Call for Papers

GSA-Conference in Milwaukee, Wisconsin, October 4-7, 2012

“War and Memory in the Museum”

On Oct. 15, 2011, the Military History Museum of the German Federal Armed Forces in Dresden reopened with an entirely new exhibit and in a completely re-designed building. The museum claims a radically new way of approaching military exhibits. According to its website, "Die Ausstellung konfrontiert die Besucherinnen und Besucher mit dem eigenen menschlichen Aggressionspotential und thematisiert Gewalt als historisches, kulturelles und anthropologisches Phänomen. Ist Aggressivität evolutionsbiologisch möglicherweise in jedem Menschen angelegt, ist sie so selbstverständlich und unvermeidbar wie das Bedürfnis zu schlafen oder zu trinken? Oder ist der Gewaltanteil in uns vor allem kulturell geprägt und beeinflusst?" The curators thus hope to reshape the ways how to represent war history and mold cultural memory, clearly beyond the national framework. A wedge by the architect Daniel Libeskind which cuts into the classicist Arsenal Building in the 19th century military quarters of Albertstadt tries to recreate these concerns also in a physical structure.

The museum is thus a key example for today’s goals in both transmitting knowledge and educating others about Germany’s military past. Using the museum as a starting point, the panel aims to answer questions about the way Germans remember military conflicts and the roles they played in them, the goals of the museum curators in educating others, in how far these approaches differ from earlier ones, and in what ways these new forms of representation are part of a larger reshaping and interest in questions of memory formation and memory conservation.

We invite proposals that address different dimensions, for example:
- The general role of museums in representing war and the memory of war and its consequences.
- How does the Militärmuseum depict and narrate war and what traditions does it strengthen or deconstruct?
- A comparison between the newly opened Dresden military museum and other museums in Germany or the world.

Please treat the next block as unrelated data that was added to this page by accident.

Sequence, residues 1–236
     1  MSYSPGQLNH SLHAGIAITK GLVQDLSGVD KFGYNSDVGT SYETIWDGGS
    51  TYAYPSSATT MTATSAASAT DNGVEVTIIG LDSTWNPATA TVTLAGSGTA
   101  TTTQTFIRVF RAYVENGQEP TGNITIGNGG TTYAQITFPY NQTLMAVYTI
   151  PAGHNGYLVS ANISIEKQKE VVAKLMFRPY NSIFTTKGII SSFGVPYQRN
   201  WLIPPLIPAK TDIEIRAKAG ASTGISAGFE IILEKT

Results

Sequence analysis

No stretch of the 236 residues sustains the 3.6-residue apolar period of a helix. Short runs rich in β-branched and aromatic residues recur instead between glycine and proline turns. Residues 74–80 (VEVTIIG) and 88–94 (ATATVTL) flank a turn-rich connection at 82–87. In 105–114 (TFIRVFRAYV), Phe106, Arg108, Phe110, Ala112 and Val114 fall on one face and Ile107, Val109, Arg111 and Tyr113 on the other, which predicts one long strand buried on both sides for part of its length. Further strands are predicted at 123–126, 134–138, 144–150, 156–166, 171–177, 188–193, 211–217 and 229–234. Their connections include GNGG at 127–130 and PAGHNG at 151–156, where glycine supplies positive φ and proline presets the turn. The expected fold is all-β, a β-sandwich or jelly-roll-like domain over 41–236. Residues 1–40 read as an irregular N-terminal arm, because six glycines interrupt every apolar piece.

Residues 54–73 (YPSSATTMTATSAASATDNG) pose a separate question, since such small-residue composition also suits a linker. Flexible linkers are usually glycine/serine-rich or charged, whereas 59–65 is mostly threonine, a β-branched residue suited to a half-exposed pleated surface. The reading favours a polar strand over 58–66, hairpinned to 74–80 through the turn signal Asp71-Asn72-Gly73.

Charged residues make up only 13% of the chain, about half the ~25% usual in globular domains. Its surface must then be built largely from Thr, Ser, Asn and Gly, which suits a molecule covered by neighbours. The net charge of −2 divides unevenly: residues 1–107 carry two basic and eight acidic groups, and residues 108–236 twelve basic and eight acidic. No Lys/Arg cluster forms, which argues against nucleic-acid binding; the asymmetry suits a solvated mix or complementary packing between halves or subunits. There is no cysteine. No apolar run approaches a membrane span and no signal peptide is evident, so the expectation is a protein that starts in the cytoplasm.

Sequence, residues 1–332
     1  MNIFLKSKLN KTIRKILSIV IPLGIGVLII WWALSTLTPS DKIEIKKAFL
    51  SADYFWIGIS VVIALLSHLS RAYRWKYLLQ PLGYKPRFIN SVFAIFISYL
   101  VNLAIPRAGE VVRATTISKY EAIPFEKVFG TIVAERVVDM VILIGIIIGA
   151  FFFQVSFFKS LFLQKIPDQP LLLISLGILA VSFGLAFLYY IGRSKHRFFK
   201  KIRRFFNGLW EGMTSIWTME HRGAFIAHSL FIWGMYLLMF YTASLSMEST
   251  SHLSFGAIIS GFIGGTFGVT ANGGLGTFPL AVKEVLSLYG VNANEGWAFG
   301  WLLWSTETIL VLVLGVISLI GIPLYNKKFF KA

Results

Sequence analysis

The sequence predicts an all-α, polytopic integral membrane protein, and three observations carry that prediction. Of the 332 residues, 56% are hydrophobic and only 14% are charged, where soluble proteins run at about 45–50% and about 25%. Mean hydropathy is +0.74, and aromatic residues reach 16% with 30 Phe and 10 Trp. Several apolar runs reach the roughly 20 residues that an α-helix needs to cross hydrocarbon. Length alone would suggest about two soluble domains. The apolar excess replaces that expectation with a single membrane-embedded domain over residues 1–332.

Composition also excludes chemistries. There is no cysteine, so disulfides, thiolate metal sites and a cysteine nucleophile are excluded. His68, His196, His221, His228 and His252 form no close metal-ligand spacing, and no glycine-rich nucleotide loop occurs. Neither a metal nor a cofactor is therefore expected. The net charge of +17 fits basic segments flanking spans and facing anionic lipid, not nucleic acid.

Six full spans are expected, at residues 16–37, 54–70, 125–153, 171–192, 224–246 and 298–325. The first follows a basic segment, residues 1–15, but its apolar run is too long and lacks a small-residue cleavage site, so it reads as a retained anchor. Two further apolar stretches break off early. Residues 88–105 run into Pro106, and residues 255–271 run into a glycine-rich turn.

- How is the museum situated in a national and international landscape of museums about atrocities, war, and human rights?
- How does a museum immerse the visitor? Can one experience violence or trauma in an anthropological or historical sense?
- The role of Libeskind in the design and construction of memory sites and museums.
- How do military museums deal with the suffering caused by the consequences of war?
- In how far do museums on World War Two address the Holocaust or Holocaust Museums address World War II?
- How does the Dresden war museum’s architecture correspond with the cityscape and the cultural memory of Dresden?
- Museum’s as theme parks? How do such approaches interact with the chronological war history; what are relations between civilians and soldiers?
We hope to generate an interdisciplinary conversation on the topic, and invite contributions from scholars who work in Memory Studies, Literary and Cultural Studies, History, Museum Studies, and other disciplines and fields. Please send proposals of up to 250 words, along with a brief CV, to Susanne Vees-Gulani [[log in to unmask]] and Stephan Jaeger [[log in to unmask]] by February 12, 2012. ******************* The German Studies Call for Papers List Editor: Stefani Engelstein Assistant Editor: Olaf Schmidt Sponsored by the University of Missouri Info available at: